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Batman Begins (2005)

 -  Action | Adventure  -  15 June 2005 (USA)
8.3
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Ratings: 8.3/10 from 698,489 users   Metascore: 70/100
Reviews: 2,617 user | 460 critic | 41 from Metacritic.com

After training with his mentor, Batman begins his war on crime to free the crime-ridden Gotham City from corruption that the Scarecrow and the League of Shadows have cast upon it.

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Top 250 #105 | Nominated for 1 Oscar. Another 15 wins & 47 nominations. See more awards »

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Cast

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Storyline

When his parents were killed, millionaire playboy Bruce Wayne relocates to Asia when he is mentored by Henri Ducard and Ra's Al Ghul in how to fight evil. When learning about the plan to wipe out evil in Gotham City by Ducard, Bruce prevents this plan from getting any further and heads back to his home. Back in his original surroundings, Bruce adopts the image of a bat to strike fear into the criminals and the corrupt as the icon known as 'Batman'. But it doesn't stay quiet for long. Written by FilmFanUk

Plot Summary | Plot Synopsis

Plot Keywords:

gotham | fight | fear | scarecrow | training | See more »

Genres:

Action | Adventure

Motion Picture Rating (MPAA)

Rated PG-13 for intense action violence, disturbing images and some thematic elements | See all certifications »

Parents Guide:

 »
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Details

Country:

|

Language:

| |

Release Date:

15 June 2005 (USA)  »

Also Known As:

Batman 5  »

Box Office

Budget:

$150,000,000 (estimated)

Opening Weekend:

$119,727 (Sweden) (19 August 2005)

Gross:

$205,343,774 (USA) (28 October 2005)
 »

Company Credits

Production Co:

, ,  »
Show detailed on  »

Technical Specs

Runtime:

Sound Mix:

| | | (IMAX version)

Color:

Aspect Ratio:

2.35 : 1
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Did You Know?

Trivia

During interviews with Christian Bale whilst promoting the movie, he continued using the American accent he'd adopted to play Bruce Wayne/Batman. He explained that he didn't want potential moviegoers to be confused about why Batman, an American institution, was being played by an Welshman. However, this may not be the whole truth, as Bale rarely gives an interview in his native Welsh accent. It is believed that this is because Bale is always using whichever accent is required for his next role, which reflects his commitment as a method actor. See more »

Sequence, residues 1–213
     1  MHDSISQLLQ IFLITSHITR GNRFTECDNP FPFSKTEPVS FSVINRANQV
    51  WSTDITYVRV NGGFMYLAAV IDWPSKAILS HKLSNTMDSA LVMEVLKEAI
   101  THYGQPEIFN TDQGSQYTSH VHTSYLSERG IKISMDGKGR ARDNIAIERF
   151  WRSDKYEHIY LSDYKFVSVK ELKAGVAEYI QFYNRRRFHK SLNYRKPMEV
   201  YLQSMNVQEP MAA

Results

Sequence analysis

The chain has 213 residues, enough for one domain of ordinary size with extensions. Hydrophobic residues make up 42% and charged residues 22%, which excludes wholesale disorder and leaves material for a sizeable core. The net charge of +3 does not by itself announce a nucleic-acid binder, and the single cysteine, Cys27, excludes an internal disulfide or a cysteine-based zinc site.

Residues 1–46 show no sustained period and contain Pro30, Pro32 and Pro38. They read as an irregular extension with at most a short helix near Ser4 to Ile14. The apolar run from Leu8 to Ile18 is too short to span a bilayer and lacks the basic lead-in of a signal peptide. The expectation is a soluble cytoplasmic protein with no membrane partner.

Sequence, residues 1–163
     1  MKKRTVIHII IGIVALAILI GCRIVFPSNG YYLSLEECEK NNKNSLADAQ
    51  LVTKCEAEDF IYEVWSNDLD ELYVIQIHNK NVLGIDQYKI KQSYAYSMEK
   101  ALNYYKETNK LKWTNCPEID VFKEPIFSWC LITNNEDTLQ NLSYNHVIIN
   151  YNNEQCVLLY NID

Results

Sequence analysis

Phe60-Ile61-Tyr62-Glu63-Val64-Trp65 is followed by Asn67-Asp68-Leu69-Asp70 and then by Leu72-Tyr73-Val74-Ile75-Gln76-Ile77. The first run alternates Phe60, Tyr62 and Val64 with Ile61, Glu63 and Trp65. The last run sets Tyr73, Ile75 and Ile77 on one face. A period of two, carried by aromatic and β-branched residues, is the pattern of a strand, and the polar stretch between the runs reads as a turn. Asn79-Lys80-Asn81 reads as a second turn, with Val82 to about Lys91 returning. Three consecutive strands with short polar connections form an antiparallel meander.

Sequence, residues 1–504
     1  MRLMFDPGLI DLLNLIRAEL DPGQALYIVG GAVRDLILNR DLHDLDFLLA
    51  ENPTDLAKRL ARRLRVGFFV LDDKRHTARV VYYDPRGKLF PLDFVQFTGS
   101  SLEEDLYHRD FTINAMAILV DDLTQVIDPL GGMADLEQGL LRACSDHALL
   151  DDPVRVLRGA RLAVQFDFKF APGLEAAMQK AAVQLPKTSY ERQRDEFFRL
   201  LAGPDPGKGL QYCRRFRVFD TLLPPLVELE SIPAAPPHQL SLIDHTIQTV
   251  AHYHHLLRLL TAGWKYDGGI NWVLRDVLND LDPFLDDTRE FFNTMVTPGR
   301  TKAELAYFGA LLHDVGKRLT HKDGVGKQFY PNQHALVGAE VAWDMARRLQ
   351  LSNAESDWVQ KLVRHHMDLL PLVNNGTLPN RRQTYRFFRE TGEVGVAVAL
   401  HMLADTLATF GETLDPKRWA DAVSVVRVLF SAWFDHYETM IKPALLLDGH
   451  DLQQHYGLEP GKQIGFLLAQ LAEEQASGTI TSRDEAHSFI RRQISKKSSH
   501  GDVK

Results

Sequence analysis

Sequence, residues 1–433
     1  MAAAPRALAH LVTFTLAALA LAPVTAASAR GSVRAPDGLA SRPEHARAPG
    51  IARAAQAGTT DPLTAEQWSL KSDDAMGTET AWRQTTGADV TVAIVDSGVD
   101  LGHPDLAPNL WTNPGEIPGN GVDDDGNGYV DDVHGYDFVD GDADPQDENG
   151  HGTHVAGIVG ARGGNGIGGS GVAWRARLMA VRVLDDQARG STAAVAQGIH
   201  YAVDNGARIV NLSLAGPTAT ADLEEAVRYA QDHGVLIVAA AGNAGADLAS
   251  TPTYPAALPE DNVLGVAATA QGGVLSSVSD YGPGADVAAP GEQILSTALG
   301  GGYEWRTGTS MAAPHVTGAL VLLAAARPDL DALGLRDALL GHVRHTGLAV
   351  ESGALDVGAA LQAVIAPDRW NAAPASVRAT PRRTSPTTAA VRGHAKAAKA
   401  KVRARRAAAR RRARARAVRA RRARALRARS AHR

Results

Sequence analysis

Goofs

When Bruce approaches Falcone in the restaurant, his hair changes between the shots. See more »

Quotes

[first lines]
Bruce Wayne - age 8: Rachel, let me see! Can I see?
See more »

Crazy Credits

The DC logo contains two comic-book images: a shot of the Riddler, and picture of Batman punching him out. See more »

Connections

Featured in Bad Movie Beatdown: The Cavern (2012) See more »

Soundtracks

Folletto!...Folletto!
from "Mefistofele"
Written by Arrigo Boito
Performed by Norman Treigle, Ambrosian Opera Chorus and London Symphony Orchestra (as London Symphony Orchestra)
Conducted by Julius Rudel
Courtesy of EMI Classics
Under License from EMI Film & Television Music
See more »

Frequently Asked Questions

See more (Spoiler Alert!) »

User Reviews

 
Why do we fall? So we can learn to pick ourselves up. And such is the case for the Batman franchise
15 August 2005 | by (Ontario, Canada) – See all my reviews

It sickened me in the past to see the Batman movie franchise slowly digging it's way to an early grave. After the quality Tim Burton films, the series pretty much went down the toilet, beginning a horrifically campy age of 'Bat credit-cards' and an armored Arnold Schwarzenegger tossing cringe-worthy puns at a Batman who seemed to be trying not to be embarrassed by the fact that his costume had nipples. So what could Warner Brothers producers hope to do to resurrect the franchise? Pretend it never happened, and start the whole series over again with a talented director, compelling story and capable cast.

Enter Christopher Nolan, the mastermind behind 2000's 'Momento', widely praised as one of the most innovative films of the decade. As director/co- screenwriter, Nolan creates a richly dark, atmospheric world for Batman to inhabit, similar to that of the Burton films, but less cartoony. The film's screenplay, written by Nolan and David S. Goyer is quality stuff, it's true that some of the dialog exchanges can seem kind of contrived, particularly between Wayne and Liam Neeson's character, Ducard, but it sounds so classy you tend not to care.